LeBron James, barring something extremely surprising, will be a member of the Los Angeles Lakers through the end of next season. His current contract expires after 2022-23, but after that? Nothing is guaranteed, and if the Lakers haven't substantially improved their roster by then, James will have plenty of reason to consider alternatives. One popular theory? A second return to his original team.
The Cleveland Cavaliers are ascending with Darius Garland, Jarrett Allen and Evan Mobley, and when James becomes a free agent in 2023, they are currently positioned to have max cap space. Could James take one last ride with the Cavs? "The door's not closed on that," James told Jason Lloyd of The Athletic Saturday after his All-Star team's practice. "I'm not saying I'm coming back and playing, I don't know. I don't know what my future holds. I don't even know when I'm free."
If James does choose to explore free agency in 2023, Cleveland would be the obvious destination. He's familiar with the organization. The Cavaliers can afford to pay him fair market value, and they'd give him a chance to compete for a championship. However, James appears far likelier to change teams in 2024. That's when his son, Bronny, will be one year removed from high school, and based on current NBA rules, eligible to enter the NBA Draft. In that same interview, James confirmed that he plans to play his final season on his son's team.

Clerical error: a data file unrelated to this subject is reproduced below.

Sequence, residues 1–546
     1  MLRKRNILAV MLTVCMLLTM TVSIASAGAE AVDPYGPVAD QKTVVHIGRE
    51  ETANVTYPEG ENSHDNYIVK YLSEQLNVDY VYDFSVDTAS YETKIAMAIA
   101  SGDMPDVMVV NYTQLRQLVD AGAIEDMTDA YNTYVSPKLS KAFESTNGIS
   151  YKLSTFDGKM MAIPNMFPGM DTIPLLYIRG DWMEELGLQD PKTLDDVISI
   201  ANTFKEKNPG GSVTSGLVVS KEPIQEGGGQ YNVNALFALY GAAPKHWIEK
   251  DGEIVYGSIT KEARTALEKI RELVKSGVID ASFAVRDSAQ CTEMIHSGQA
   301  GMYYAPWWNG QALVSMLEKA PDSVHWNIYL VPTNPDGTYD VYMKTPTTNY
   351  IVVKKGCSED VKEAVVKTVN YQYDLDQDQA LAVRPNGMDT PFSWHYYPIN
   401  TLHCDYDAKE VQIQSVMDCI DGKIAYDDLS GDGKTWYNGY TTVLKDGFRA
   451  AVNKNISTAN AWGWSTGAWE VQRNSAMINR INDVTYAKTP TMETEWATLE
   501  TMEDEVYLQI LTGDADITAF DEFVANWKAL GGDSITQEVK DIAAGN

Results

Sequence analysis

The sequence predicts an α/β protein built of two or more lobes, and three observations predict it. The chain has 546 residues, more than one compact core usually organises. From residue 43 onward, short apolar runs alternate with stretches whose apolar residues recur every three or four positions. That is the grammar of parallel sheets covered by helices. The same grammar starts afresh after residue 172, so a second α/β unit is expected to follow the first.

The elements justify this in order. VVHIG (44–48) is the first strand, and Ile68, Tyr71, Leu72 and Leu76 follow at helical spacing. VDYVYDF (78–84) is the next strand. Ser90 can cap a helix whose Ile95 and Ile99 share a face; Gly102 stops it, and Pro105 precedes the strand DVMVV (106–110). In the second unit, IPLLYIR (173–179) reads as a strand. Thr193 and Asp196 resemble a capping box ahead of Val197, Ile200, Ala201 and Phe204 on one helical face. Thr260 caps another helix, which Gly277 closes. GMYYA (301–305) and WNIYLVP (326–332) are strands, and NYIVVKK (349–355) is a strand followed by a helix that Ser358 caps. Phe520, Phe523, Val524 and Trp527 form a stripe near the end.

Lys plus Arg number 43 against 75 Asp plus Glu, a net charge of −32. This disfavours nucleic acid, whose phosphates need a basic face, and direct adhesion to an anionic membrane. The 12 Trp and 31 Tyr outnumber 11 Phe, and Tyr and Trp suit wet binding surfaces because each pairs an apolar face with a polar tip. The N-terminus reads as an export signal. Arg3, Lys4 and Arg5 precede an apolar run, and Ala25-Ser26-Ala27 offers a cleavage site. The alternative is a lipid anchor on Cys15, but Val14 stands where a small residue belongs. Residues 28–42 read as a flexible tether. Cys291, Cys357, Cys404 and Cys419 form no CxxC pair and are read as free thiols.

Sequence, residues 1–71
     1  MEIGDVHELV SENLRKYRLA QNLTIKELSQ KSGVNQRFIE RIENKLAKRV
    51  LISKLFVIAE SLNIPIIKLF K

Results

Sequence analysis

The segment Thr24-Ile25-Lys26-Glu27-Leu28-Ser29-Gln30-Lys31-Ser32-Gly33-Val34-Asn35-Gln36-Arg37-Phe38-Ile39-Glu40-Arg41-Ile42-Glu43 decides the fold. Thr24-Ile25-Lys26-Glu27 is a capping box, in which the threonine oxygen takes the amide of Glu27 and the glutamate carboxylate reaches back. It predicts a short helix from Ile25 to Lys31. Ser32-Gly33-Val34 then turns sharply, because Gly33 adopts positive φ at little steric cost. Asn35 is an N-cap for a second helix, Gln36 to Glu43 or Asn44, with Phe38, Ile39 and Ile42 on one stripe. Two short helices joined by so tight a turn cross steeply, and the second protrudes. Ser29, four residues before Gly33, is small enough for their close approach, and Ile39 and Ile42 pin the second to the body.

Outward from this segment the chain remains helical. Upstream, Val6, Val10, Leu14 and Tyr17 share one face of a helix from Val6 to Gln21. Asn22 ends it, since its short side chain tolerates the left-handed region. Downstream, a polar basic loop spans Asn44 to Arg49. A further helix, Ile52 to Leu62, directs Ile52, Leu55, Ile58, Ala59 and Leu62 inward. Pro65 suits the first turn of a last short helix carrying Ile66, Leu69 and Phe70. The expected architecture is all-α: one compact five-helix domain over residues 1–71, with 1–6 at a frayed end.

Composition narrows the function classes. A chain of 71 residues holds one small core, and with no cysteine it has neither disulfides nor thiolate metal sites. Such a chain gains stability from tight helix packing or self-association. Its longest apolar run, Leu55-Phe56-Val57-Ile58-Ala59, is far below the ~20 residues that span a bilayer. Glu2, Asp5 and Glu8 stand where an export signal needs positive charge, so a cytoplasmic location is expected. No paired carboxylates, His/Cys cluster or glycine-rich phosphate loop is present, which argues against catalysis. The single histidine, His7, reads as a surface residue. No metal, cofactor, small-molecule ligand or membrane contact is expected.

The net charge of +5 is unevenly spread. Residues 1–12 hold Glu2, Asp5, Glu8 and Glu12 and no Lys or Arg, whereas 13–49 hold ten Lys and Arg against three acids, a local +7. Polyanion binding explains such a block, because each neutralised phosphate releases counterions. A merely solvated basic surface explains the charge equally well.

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"My last year will be played with my son," James said. "Wherever Bronny is at, that's where I'll be. I would do whatever it takes to play with my son for one year. It's not about the money at that point."
James has changed teams in free agency three times, and while he's met with multiple teams at various points, he's never truly given the entire league any indication that he'd consider playing for them. With the news that he is committed to playing with his son, all 30 NBA teams can now genuinely feel as though they have a shot to land one of the greatest players of all time at a discount.
Of course, there's still plenty of time for things to change. The NBA could alter its one-and-done rule and get James Jr. into the draft earlier. He might also want to spend multiple seasons in college, delaying his father's retirement tour. All we can say for now is this: We have a clearer picture of what the end of LeBron's career will look like now than we've ever had before.